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Former Camden Police Officers Sue City Over Allegedly Unpaid Overtime Wages

A group of 74 police officers in New Jersey are suing Camden for back wages, saying the City refused to pay them overtime, NJ.com reports.

NJ Overtime Lawsuit Filed By 74 Former Officers

The Camden City Police Department was dissolved in 2013, with law enforcement duties passing on to a newly-established department designed to oversee all of Camden County. But before its disbanding, dozens of former officers say they were unfairly left out of overtime considerations, even though they were routinely made to work extra hours.

Row Of Police Cars

This isn’t the first time police officers have sought back wages from the City of Camden. In fact, the very same officers who have filed this new overtime lawsuit attempted to join a similar action back in 2016, but were barred from doing so.

3 Former Camden Officers Secured Back Wages In 2016

That first lawsuit, filed in 2012 by three former Camden City officers, ended in a settlement agreement, which saw each officer paid $750 in back wages. Alongside the officers’ compensation, the City was hit with $14,000 in legal fees and court costs. Now, the 74 officers who were shut out of the first settlement are back in court to fight again.

In a civil lawsuit filed in January 2018, the former law enforcement professionals accuse the Camden City government of trying to reduce overtime pay obligations by forcing officers to work longer hours, but not allowing them to record them. The officers are arguing that Camden’s alleged misconduct violated the Fair Labor Standards Act, a federal law that entitles the vast majority of workers in the United States, including many salaried employees, to an overtime wage for any hours worked over 40 in a single week.

Camden’s Experiment In Community Policing

Facing serious budget shortfalls and a crisis in public confidence, the Camden City Police Department, which employed around 460 officers, was disbanded in 2013. Camden is routinely ranked among America’s most dangerous cities and State officials hoped that turning away from punitive policing, toward a community-based approach, would help change things.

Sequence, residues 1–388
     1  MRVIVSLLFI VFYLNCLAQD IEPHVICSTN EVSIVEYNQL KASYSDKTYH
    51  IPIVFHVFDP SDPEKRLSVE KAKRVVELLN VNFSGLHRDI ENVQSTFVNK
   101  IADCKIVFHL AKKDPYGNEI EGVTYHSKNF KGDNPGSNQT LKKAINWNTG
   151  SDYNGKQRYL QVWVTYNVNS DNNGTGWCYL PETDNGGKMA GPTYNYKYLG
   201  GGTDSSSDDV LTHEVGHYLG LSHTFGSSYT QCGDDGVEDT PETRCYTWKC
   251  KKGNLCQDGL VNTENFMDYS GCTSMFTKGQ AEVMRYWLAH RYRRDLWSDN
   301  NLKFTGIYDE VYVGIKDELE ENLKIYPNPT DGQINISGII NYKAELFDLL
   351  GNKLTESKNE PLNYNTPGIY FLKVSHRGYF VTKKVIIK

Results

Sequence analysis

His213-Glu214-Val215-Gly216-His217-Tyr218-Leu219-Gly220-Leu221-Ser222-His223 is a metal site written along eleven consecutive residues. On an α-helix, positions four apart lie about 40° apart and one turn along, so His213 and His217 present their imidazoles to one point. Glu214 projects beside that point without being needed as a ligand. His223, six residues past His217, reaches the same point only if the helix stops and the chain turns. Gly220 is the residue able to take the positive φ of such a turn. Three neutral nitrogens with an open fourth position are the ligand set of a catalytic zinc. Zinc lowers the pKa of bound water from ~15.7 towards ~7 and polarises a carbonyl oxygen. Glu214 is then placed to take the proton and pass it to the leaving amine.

The policing responsibilities for Camden were subsumed under the Camden County Police Department, a new organization that, to this point, polices only within the city limits. Other municipalities in the County are free to join the police district, but none have as of yet. Even so, the Camden County police was designed, at least initially, to be very different from its forebears.

Non-Union Police Force

The new police force would not be unionized, a strategy that infuriated the Fraternal Order of Police, which had represented officers for the Camden City Police Department. And, in general, Camden would have far fewer officers. Around half of the City’s police force had already been laid off before the Camden City Police Department was even broken up, including most of the officers who have joined forces to sue for overtime wages.

New officers took their place, a total of 401 including 92 new recruits, had been sworn in by June 2013.The starting salary for a police officer in the Camden County Police Department was set at $47,177, the Press of Atlantic City reports. All of these measures cut costs; keeping the workforce non-union, in particular, would allow Camden County to reduce the fringe benefits owed to officers.

Community Policing Techniques

Changing the culture of policing in Camden, however, was an even bigger goal.

In the New York Times, reporter Joseph Goldstein called Camden “one of the most interesting experiments in American policing.” Officers are instructed to issue warnings to someone who has committed a traffic violation, rather than saddling the City’s residents, 40% of whom live below the federal poverty line, with tickets and fines. Instead of waiting for an ambulance to arrive, officers are being trained to drive wounded victims to the hospital. Handguns are a “tool of last resort,” according to CityLab. And, to encourage accountability, officers are tracked via GPS. Many are now wearing body cameras.

High Officer Turn-Over

In 2017, Camden saw its lowest homicide rate in 30 years. Violent and property crimes are down, too, as they are for most American cities. But the City’s also dealing with a high turnover rate; police officers, some of whom say they’re being kept on duty without prior notice, are leaving in droves. In the first 2 years after the Camden County Police Department was established, nearly 120 officers had quit. Today, the median salary for an officer in Camden County is just over $50,000, half that for the State at large.

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